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“No, I don’t think so,” he replied.
“I was caught off guard by the question,” Albertson said later. “What I wished I had said was that it’s been a lot of work and a lot of risk to be in a successful position, and that winning validates that all of this hard work is paying off.”
Reflecting back, Albertson said the question is unfair. After all, no one asks Brian Kelly if he feels bad about beating Rice. “It’s competition. Even if you are in a more favorable position in terms of probability of beating a competitor, you’re still accepting the risk that the outcome could go the other way,” he said. “That generally applies to any competitive market, whether it’s sports or business or politics. The only reason a sense of guilt should be associated with winning is if you were cheating.”
Albertson also wished that he’d had the opportunity to discuss the rest of his life — the many interests and endeavors outside fantasy sports that provide deep meaning and a desire to give back, which Notre Dame had a lot to do with.
It started with his girlfriend, MBA classmate Kimberly Greenberg. They met at a Notre Dame admitted-students dinner in New York. She was a native French speaker with international development experience in Africa. With their shared dreams of bettering the world through business, they clicked.
“We look through a different lens, because he’s more quant-linear thinking than I am, but we’re both committed to directing our talents to improving the world, whether in the U.S. or abroad,” Greenberg said. “We’re interested in empowering people who already have ideas and might just need access to capital or knowledge.”
To begin that social-entrepreneurship work, Albertson has capitalized on some of Notre Dame’s key global opportunities. Last summer, he mentored small-business founders in Haiti through the Gigot Center for Entrepreneurship. Having started his own company, he was well-positioned to conduct entrepreneur boot camps in the evening and train farmers, doctors, sandal-makers and others by day.
Both Albertson and Greenberg devoted this past spring break to volunteer consulting projects through Business on the Frontlines. Albertson worked on a solar panel project in Uganda, while Greenberg investigated how to foster entrepreneurship in the KwaZulu-Natal region of South Africa.
Outside the classroom, the health-conscious Albertson brews antioxidant-packed tea by the potful. He avoids gluten and practices yoga. Last year, he and Greenberg competed in the Chicago Triathlon together. They’re considering even tougher swim-bike-run combo races ahead.
For now, daily fantasy is still a viable business for Albertson, but he’s looking past it. The Brooklyn Nets have shown interest in whether he could run some Moneyball-esque stats for them. Hedge funds have called, too, but he’s not interested in traditional Wall Street. Albertson dreams of developing an economic model, maybe tracking global currencies that could help governments or commerce. “I want to leave a positive mark on the world through business,” he said.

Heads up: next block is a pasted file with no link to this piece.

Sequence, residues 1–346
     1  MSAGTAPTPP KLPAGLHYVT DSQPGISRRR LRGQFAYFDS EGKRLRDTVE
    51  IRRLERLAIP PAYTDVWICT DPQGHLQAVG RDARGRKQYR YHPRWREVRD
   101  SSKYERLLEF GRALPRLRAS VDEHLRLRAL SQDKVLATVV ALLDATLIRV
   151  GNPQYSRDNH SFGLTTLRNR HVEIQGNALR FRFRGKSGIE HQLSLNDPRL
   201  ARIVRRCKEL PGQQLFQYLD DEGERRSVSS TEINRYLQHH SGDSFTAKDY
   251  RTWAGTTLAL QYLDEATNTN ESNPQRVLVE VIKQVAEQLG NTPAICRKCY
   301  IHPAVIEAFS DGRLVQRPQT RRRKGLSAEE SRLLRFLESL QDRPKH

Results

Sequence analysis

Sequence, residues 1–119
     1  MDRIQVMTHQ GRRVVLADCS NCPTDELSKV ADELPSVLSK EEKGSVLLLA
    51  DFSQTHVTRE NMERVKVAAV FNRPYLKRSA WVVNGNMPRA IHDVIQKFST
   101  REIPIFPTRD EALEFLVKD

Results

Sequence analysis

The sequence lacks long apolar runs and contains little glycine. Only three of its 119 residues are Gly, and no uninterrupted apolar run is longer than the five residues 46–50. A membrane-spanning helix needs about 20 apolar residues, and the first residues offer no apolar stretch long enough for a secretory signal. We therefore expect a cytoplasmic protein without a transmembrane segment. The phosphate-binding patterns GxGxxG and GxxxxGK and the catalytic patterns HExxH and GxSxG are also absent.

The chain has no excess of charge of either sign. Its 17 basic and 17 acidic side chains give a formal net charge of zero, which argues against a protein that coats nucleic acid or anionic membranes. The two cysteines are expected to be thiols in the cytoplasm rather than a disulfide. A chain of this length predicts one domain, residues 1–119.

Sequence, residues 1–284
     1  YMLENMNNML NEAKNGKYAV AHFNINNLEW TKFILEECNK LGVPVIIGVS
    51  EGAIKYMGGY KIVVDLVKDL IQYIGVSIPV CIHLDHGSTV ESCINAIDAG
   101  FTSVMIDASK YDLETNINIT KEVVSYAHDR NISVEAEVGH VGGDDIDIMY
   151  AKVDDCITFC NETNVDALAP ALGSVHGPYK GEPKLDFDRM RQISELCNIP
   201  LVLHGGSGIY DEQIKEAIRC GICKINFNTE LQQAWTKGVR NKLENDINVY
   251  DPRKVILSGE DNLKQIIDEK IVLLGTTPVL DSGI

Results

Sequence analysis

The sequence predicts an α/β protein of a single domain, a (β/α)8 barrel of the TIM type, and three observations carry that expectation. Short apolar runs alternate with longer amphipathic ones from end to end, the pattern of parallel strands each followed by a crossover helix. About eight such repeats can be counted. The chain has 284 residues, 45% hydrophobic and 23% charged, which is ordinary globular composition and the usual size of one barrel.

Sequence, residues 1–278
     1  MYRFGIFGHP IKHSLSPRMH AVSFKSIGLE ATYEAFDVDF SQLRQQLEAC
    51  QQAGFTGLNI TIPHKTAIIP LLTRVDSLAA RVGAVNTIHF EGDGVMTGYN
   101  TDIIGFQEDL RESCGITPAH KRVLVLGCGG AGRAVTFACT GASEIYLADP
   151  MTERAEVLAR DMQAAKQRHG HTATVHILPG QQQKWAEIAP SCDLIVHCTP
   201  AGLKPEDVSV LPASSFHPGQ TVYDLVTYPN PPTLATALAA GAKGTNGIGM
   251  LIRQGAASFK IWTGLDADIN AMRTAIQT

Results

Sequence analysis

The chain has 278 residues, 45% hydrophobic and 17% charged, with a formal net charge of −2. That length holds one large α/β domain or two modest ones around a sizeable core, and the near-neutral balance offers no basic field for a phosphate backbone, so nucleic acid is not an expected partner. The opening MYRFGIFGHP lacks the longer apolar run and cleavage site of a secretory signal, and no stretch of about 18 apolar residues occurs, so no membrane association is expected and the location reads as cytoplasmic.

But he’s not quite there yet. Before graduating from Notre Dame’s MBA program, Cory Albertson had something to prove.
The night in Chile was a pivotal one. On that date, Oct. 20, 2014, the DraftKings payout was bigger than usual. It all came down to Steelers running back Le’Veon Bell. Albertson needed Bell to score more than 19 fantasy points for touchdowns or other key plays. Every time Bell got the ball, Albertson’s nerves ticked. If Bell got injured, Albertson would lose. Bell had already made a 43-yard reception. Now the Steelers were two yards from a touchdown.
To Albertson, if Bell scored, it would prove that all the time he’d spent on the algorithm had been worth it. It would also help him do well enough financially to help fund his MBA costs, and to pursue his dreams of bettering the world. He tugged his glasses, which had slid down his sweating nose. He rested his chin on Greenberg’s head.
Of all the players on the field, the Steelers quarterback found Bell in motion and open. Bell caught the pass and charged over the goal line. Touchdown. Like that, he was over 19 fantasy points.
“Yes! Yes!” Albertson shouted, punching the air. Greenberg had never seen him more excited. He grabbed her in a hug, then high-fived his cheering classmates.
The camaraderie stayed high as they all snapped photos with Albertson. They knew this was a big night for him. After all, that Living the Fantasy camera crew was there. Albertson was just too modest to say how big the night was.
Finally, his most financially focused classmate pulled him aside. Exactly how much had he won?
“Um, it was a million,” Albertson said.
“That’s what I thought!” his classmate hollered. That night’s dinner tab — and unlimited future potential for his use of Big Data — would be on Albertson.